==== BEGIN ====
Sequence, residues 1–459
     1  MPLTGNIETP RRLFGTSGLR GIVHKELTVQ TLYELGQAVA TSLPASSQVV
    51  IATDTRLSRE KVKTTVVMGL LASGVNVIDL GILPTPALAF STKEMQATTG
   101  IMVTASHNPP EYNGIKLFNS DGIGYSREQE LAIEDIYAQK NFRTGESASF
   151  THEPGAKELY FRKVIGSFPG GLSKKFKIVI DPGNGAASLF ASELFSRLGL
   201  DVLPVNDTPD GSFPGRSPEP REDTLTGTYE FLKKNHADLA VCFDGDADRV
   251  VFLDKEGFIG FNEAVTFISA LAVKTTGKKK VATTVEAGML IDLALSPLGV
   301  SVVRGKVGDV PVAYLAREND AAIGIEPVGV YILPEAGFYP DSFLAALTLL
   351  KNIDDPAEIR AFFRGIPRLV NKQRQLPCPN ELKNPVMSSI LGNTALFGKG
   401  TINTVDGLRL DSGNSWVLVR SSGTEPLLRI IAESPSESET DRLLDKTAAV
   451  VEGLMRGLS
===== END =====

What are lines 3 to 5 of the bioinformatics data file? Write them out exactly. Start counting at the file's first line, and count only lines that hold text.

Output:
    51  IATDTRLSRE KVKTTVVMGL LASGVNVIDL GILPTPALAF STKEMQATTG
   101  IMVTASHNPP EYNGIKLFNS DGIGYSREQE LAIEDIYAQK NFRTGESASF
   151  THEPGAKELY FRKVIGSFPG GLSKKFKIVI DPGNGAASLF ASELFSRLGL